RANDGOLD Resources put its best foot forward one day ahead of a crucial shareholder vote on its proposed merger with Barrick Gold, posting higher third quarter gold production, a lift in cash, and a consensus beat on profit despite a strike at its Tongon mine in Côte d’Ivoire during the period.
The key metrics showed a 16% improvement in group total cash cost per ounce at $586, a 25% increase in profit of $73.2m and cash on hand rising by 8% to $654m. “This is the first beat by the company in more than five quarters and should be taken positively today,” said Goldman Sachs in a morning note.
BMO Capital Markets analyst, Andrew Breichmanas commented that the third quarter from Randgold was solid, and that it “… should reduce concerns about the company’s ability to reach its full-year production guidance and demonstrate the basis for increasing the proposed dividend”.
Randgold announced on October 31 that it would increase its planned 2018 dividend to $2.69 per share dividend – an increase of $65m on the original dividend permitted by the company. The lift in third quarter cash provides evidence that the improved payout was more than just a statement of intent ahead of the Barrick deal, given that Barrick had also announced a higher-than-planned third quarter dividend.
Barrick shareholders overwhelmingly approved the proposed merger with Randgold yesterday (November 5) with 99% voting in favour of increased shares which is the necessary mechanism to affect the transaction.
In September, Randgold reset Tongon’s production for the year at 230,000 oz, well off the 290,000 oz forecast at the onset of the year owing to a wage dispute process that was disrupted. Production resumed at the mine last month. Nonetheless, Randgold kept full-year production guidance unchanged at between 1.3 million to 1.35 million oz.
Bristow said the negatives from Tongon were offset by a strong performance at its 40%-owned Kibali in the Democratic Republic of Congo which posted fresh production records while Loulo-Gounkoto also delivered “increases across the board”.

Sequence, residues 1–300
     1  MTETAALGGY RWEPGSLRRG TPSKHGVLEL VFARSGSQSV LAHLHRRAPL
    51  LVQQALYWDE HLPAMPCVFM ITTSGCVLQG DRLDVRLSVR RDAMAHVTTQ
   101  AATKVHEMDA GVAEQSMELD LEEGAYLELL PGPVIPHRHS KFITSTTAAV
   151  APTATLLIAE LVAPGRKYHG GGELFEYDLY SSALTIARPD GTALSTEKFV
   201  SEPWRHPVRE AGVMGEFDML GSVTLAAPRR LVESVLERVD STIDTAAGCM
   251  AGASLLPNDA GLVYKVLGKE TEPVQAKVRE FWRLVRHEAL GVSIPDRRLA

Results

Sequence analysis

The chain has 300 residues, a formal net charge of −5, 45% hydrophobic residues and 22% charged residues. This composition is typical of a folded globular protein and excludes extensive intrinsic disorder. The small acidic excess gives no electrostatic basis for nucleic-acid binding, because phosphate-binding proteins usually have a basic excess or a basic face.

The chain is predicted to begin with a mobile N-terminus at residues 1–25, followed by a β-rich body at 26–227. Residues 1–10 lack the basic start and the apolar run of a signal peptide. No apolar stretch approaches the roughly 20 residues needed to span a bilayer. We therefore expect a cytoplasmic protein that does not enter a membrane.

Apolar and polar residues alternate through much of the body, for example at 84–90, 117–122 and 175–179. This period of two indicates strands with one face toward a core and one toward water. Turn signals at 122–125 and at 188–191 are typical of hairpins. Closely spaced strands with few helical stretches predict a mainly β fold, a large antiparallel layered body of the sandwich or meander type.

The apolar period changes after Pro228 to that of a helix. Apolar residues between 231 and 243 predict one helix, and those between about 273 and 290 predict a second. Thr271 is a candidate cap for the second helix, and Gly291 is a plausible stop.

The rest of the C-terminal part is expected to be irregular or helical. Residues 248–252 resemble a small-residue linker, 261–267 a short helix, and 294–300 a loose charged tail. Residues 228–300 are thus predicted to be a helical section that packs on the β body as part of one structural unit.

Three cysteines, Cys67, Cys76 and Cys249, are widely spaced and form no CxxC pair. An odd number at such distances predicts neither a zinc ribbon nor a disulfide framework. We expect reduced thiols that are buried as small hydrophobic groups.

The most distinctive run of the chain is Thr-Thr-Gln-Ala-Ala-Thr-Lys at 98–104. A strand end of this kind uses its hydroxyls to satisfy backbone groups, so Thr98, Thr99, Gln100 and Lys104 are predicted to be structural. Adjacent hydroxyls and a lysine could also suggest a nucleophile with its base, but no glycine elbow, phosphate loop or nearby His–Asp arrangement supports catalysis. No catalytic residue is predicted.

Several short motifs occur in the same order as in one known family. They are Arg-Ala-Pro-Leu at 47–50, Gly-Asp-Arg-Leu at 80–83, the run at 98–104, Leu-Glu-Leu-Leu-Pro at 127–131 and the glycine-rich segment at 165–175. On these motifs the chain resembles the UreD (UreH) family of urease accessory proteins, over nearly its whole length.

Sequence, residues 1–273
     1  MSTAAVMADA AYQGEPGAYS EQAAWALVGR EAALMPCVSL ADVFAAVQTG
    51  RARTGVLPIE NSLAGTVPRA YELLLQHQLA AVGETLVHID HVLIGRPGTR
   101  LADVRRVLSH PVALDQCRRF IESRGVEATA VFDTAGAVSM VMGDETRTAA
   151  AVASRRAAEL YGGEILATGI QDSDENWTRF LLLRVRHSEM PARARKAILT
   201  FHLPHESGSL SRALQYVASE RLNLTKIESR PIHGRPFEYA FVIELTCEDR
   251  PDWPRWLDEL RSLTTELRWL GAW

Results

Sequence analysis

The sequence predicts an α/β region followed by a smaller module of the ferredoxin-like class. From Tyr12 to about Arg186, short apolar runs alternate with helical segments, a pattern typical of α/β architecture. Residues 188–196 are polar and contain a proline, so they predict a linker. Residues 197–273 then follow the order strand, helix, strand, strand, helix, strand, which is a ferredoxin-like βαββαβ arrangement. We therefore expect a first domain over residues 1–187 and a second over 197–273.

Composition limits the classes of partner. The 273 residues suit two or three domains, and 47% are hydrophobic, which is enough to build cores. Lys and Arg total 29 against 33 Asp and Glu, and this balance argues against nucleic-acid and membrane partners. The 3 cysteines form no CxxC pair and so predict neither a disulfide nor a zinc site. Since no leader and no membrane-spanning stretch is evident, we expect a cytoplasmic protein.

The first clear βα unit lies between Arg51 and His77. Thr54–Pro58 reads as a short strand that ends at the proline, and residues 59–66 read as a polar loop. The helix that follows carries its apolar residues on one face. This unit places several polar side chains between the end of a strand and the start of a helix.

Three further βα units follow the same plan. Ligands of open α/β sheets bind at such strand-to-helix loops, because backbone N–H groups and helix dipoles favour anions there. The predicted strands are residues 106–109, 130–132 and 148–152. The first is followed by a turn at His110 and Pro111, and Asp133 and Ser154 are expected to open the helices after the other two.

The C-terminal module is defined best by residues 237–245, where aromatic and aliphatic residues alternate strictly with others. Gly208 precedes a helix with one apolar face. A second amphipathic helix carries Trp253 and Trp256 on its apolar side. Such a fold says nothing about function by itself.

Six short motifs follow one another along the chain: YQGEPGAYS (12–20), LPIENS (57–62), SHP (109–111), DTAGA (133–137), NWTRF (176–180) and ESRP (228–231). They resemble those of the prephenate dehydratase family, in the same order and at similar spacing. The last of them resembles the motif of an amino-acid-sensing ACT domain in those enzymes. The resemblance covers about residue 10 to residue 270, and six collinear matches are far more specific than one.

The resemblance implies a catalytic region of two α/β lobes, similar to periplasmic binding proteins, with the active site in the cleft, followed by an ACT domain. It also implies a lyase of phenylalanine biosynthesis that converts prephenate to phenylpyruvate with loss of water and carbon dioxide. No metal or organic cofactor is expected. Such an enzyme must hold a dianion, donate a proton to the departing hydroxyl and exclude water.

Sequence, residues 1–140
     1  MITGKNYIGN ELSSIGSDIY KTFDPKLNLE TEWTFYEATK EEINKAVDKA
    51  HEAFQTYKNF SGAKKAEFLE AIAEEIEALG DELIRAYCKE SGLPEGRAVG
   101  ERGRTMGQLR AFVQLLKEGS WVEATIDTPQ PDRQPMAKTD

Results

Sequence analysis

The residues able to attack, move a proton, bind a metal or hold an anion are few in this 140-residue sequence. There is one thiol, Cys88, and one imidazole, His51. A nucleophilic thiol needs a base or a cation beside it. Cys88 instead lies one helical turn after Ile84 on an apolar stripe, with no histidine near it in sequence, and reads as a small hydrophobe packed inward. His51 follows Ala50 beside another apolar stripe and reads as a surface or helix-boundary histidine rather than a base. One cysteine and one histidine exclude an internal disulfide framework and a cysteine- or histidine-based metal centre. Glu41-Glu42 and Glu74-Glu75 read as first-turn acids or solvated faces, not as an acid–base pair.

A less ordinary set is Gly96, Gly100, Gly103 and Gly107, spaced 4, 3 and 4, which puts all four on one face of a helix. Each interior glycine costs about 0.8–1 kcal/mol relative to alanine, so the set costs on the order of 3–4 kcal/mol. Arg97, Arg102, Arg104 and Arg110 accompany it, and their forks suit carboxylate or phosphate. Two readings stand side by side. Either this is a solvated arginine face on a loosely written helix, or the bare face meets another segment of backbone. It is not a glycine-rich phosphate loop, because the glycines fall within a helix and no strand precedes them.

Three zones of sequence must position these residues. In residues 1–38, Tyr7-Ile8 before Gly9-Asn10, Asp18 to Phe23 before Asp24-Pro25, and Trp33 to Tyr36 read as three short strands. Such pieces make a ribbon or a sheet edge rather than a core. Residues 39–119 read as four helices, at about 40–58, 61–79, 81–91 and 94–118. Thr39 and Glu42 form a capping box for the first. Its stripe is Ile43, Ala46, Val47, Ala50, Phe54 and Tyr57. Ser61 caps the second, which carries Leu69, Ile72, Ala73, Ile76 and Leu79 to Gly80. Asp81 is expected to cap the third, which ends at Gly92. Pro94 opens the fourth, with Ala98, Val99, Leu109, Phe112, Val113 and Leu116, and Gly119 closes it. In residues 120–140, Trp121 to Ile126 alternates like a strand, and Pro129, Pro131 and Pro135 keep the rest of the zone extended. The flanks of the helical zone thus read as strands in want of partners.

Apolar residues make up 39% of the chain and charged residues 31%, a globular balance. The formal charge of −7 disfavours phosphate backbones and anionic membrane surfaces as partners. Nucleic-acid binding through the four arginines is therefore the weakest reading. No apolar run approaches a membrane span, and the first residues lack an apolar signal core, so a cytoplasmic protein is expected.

“Our previous forecasts of 1.27 million oz at total cash costs of $665/oz reflected a level of conservativism following a weaker first half, but following strong Q3/18 results we have more confidence that targets can be achieved and have updated our forecasts accordingly,” said BMO Capital Markets’ Breichmanas.
Present conditions notwithstanding, Bristow clearly had an eye for the merger, saying in the third quarter commentary that the group was focused on project growth.
A public participation process had started at its Massawa project in Senegal as part of a feasibility study into the project which has not yet found a permanent home in Randgold given questions about it reaching the minimum three million oz reserve target. Feasibility studies for Loulo 3 and Kalimva-Ikama at Kibali had also begun, the latter focused on replacing reserves with similar quality for a 10-year period.
Commenting on the proposed merger, Bristow said the combined company would take “… a very critical look at our asset base and how we run the business, and be prepared to make tough decisions”, thus making today’s third quarter numbers potentially the end of an era when some of the firm’s staple gold may be removed from the overall portfolio.
“By employing a strategy similar to the one that proved very successful at Randgold, but on a larger scale, the new Barrick group will leverage some of the world’s best mines and talents to create real value for shareholders,” said Bristow.
New Barrick is expected to have a market capitalisation in excess of $18bn, annual revenue of approximately $9.7bn and aggregate adjusted EBITDA of approximately $4.7bn.